Nixon vetos work comp bill, Senate overrides, now the House must decide.
With the changes to Missouri Worker’s Compensation law in 2005, employers found themselves being sued in civil court for occupational diseases. The goal for the employers was to avoid any liability at all for these types of work place injuries, but the courts found that if the employers did not want to be sued within the worker’s compensation system, then the civil courts would open their doors. Employers thought they won a major battle with that 2005 legislation, but it turns out in the Country and in this State, you can’t just avoid liability because you control the major branches of the Missouri legislature.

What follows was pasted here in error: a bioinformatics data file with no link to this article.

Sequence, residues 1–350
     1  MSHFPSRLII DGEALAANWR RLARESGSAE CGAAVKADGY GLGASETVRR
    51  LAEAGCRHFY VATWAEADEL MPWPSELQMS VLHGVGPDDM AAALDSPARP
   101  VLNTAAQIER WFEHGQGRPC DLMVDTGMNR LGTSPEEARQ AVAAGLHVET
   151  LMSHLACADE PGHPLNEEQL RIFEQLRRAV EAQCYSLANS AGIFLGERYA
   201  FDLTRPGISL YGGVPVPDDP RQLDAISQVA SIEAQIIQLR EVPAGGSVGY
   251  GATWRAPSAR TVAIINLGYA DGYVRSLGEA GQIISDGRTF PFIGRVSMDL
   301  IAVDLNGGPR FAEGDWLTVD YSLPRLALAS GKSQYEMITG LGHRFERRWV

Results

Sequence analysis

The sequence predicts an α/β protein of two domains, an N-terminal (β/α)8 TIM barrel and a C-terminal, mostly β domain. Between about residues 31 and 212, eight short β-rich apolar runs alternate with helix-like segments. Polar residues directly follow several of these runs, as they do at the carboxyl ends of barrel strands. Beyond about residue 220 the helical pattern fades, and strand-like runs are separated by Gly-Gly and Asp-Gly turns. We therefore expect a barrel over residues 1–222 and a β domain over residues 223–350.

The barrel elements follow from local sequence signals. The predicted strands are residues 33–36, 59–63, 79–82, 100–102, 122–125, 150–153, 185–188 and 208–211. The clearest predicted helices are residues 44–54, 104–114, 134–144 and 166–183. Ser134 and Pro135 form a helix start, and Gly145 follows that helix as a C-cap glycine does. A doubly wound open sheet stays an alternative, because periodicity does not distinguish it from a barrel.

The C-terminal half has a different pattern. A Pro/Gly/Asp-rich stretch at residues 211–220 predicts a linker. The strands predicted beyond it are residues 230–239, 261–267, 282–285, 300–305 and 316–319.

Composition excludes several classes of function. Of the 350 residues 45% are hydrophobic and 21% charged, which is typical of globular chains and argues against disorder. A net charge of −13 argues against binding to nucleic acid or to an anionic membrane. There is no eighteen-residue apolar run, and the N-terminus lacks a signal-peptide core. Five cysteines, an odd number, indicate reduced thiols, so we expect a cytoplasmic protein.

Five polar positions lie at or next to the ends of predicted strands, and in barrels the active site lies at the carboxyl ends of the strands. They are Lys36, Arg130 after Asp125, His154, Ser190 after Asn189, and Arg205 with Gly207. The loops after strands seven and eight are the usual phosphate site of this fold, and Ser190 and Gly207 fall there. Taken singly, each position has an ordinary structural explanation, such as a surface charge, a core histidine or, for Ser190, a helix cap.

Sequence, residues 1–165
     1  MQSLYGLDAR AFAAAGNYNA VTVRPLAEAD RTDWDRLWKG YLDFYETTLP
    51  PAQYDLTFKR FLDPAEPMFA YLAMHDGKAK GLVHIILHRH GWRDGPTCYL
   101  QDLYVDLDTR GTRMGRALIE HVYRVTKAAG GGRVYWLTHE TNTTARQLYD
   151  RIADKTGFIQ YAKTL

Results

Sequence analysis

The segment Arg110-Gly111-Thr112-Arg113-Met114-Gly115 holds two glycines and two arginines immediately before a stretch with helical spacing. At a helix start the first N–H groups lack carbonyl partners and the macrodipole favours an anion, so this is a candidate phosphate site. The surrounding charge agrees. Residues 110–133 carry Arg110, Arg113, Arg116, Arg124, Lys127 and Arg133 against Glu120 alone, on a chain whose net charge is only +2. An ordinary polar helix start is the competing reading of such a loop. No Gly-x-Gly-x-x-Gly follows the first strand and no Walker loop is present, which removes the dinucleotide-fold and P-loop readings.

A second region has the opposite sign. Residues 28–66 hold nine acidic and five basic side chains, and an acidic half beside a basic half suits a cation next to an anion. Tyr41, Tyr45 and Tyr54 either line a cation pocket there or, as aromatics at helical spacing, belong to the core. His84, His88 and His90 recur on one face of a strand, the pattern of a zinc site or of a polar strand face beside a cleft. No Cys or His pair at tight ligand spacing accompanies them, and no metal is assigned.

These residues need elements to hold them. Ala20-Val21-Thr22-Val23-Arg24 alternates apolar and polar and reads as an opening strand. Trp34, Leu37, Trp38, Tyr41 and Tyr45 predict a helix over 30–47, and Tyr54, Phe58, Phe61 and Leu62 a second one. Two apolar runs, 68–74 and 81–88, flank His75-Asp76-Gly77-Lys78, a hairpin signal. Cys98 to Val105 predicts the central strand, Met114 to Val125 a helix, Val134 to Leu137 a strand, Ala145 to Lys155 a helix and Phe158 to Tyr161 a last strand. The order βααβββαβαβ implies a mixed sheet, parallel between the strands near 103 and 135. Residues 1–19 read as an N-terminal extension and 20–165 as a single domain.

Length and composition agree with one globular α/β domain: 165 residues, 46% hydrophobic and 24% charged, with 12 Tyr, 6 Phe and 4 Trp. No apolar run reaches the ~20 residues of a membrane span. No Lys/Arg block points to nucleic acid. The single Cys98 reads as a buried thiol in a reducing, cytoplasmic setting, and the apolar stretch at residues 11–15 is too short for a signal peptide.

Since this time, employers and their money packing groups have fought against the exact thing they thought they wrote in their 2005 bill. They have found out that the grass was in fact not greener. Now they are all saying that it is common sense for occupational diseases to be in the worker’s compensation system. “The legislation brings common-sense changes, so that co-employee liability and occupational disease can be handled by our workers compensation system, as has been the case for decades, and not be used as anew money stream for enterprising trial attorneys,” Chamber President Daniel P. Mehan said in a statement.
So now all that is left is the Missouri House, and if they vote to override the veto by two-thirds, then the employers and their groups will again think that they have won. But have these groups learned nothing up to this point. Trial attorneys will continue to fight for the little guy, the injured worker and the just cause to try and provide justice in this often times unjust world.